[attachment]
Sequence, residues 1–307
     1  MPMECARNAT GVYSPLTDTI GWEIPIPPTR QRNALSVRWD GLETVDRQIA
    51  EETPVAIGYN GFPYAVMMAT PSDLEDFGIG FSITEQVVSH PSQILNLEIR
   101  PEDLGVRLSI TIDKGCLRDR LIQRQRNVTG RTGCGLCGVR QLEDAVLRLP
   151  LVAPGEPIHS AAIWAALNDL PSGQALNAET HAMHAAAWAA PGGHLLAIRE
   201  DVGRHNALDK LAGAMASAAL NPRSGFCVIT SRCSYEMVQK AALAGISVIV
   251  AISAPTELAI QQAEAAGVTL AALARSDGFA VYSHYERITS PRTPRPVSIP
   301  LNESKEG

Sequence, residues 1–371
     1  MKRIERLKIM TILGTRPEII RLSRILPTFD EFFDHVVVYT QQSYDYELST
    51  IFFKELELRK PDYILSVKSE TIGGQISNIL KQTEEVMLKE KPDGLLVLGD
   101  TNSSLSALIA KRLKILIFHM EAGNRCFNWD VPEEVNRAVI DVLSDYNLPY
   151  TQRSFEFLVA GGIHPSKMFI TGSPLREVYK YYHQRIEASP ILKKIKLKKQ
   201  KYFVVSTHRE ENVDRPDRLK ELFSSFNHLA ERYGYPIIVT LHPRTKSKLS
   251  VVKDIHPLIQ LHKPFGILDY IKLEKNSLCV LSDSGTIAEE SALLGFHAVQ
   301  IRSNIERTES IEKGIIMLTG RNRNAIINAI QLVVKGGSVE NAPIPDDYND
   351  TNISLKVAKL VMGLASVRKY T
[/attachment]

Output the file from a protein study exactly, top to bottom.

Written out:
Sequence, residues 1–307
     1  MPMECARNAT GVYSPLTDTI GWEIPIPPTR QRNALSVRWD GLETVDRQIA
    51  EETPVAIGYN GFPYAVMMAT PSDLEDFGIG FSITEQVVSH PSQILNLEIR
   101  PEDLGVRLSI TIDKGCLRDR LIQRQRNVTG RTGCGLCGVR QLEDAVLRLP
   151  LVAPGEPIHS AAIWAALNDL PSGQALNAET HAMHAAAWAA PGGHLLAIRE
   201  DVGRHNALDK LAGAMASAAL NPRSGFCVIT SRCSYEMVQK AALAGISVIV
   251  AISAPTELAI QQAEAAGVTL AALARSDGFA VYSHYERITS PRTPRPVSIP
   301  LNESKEG

Sequence, residues 1–371
     1  MKRIERLKIM TILGTRPEII RLSRILPTFD EFFDHVVVYT QQSYDYELST
    51  IFFKELELRK PDYILSVKSE TIGGQISNIL KQTEEVMLKE KPDGLLVLGD
   101  TNSSLSALIA KRLKILIFHM EAGNRCFNWD VPEEVNRAVI DVLSDYNLPY
   151  TQRSFEFLVA GGIHPSKMFI TGSPLREVYK YYHQRIEASP ILKKIKLKKQ
   201  KYFVVSTHRE ENVDRPDRLK ELFSSFNHLA ERYGYPIIVT LHPRTKSKLS
   251  VVKDIHPLIQ LHKPFGILDY IKLEKNSLCV LSDSGTIAEE SALLGFHAVQ
   301  IRSNIERTES IEKGIIMLTG RNRNAIINAI QLVVKGGSVE NAPIPDDYND
   351  TNISLKVAKL VMGLASVRKY T